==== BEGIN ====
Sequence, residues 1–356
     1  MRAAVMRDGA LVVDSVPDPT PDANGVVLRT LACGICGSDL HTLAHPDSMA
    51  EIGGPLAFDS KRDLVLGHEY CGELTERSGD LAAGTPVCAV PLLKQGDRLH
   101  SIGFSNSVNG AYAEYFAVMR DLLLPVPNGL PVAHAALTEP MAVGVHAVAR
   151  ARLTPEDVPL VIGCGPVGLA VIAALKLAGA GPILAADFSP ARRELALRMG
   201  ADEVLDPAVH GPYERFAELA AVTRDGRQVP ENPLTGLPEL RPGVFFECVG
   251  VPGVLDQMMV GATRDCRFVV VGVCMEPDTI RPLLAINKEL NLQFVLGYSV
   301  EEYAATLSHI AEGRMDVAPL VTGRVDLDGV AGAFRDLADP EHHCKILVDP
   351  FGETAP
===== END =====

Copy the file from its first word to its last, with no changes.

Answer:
Sequence, residues 1–356
     1  MRAAVMRDGA LVVDSVPDPT PDANGVVLRT LACGICGSDL HTLAHPDSMA
    51  EIGGPLAFDS KRDLVLGHEY CGELTERSGD LAAGTPVCAV PLLKQGDRLH
   101  SIGFSNSVNG AYAEYFAVMR DLLLPVPNGL PVAHAALTEP MAVGVHAVAR
   151  ARLTPEDVPL VIGCGPVGLA VIAALKLAGA GPILAADFSP ARRELALRMG
   201  ADEVLDPAVH GPYERFAELA AVTRDGRQVP ENPLTGLPEL RPGVFFECVG
   251  VPGVLDQMMV GATRDCRFVV VGVCMEPDTI RPLLAINKEL NLQFVLGYSV
   301  EEYAATLSHI AEGRMDVAPL VTGRVDLDGV AGAFRDLADP EHHCKILVDP
   351  FGETAP